Number one. Whatever you do in the future, never bring in a stray cat from the outside to meet your kittie. Stray cats can have parasites, as well as diseases, some fatal and untreatable (like feline leukemia) that they can give to your cat, and that could in some cases kill her. I'm sure you don't want that. And any time you pet a cat from outside, make sure you wash your hands before touching your cat.

Second, is your cat spayed? If not, spaying will often calm down aggression in a cat.

That aside, this is one of the reasons why it is not a good idea to take a kitten away from its mother before 8 weeks old. There are lessons to be learned that never get learned, and even with all the human love and caring we can give them, they don't get all the "cat" bonding they need and often have behavior problems.

One of the major difficulties is they become very afraid of other animals and people.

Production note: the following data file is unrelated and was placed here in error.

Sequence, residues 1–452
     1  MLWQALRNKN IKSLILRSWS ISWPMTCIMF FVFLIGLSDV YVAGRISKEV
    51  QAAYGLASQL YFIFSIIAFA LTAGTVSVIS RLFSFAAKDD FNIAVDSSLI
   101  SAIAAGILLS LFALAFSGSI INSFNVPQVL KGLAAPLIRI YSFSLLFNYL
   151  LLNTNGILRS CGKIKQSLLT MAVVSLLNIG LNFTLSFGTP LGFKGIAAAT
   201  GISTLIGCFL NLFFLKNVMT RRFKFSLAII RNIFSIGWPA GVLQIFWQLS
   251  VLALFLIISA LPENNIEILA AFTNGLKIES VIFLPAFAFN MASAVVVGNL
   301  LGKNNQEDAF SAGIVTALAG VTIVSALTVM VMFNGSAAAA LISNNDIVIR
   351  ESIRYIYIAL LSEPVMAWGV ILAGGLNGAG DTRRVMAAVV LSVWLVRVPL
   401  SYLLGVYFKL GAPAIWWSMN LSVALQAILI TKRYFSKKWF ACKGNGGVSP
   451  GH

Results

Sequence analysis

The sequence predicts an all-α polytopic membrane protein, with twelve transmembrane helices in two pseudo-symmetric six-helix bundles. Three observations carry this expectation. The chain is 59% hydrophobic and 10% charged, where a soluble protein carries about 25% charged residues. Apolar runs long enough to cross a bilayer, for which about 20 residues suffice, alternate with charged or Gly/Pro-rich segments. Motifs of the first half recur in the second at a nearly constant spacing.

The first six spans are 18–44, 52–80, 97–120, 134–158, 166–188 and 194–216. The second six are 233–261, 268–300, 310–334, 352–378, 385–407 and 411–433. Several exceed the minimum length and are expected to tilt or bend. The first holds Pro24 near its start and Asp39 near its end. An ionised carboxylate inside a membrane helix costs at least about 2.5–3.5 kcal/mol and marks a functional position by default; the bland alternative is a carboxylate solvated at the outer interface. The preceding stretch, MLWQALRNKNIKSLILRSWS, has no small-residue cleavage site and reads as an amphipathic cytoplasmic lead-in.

Also, I don' know her history, but if there was abuse involved with the kittens or the mother before you got them, the attacking could be a leftover instinct to "protect" which she learned from the mother (who might have tried to protect crying kittens from being hurt), but wasn't with the mother long enough to learn the full lesson of when and what to attack and when not to.

Cats will attack when they hear another cat cry. My Rockette attacked the rescue person when she tried to put my foster cat, Fiona, into a cage to take her to be spayed and she yowled because she didn't want to go into the cage. Rockette was about 4 months old, only knew this cat for about 2 weeks, and yet instinctively tried to attack who she thought was hurting another cat.

Wen they go into this instinctive "attack" mode, they sometimes just attack, and don't really think of who is really causing it. So she might be trying to protect you, yet once the protection instinct kicks in she attacks you only because you're the closest to her to protect you. Sounds odd, but that's how cats are They think and act differently than we do.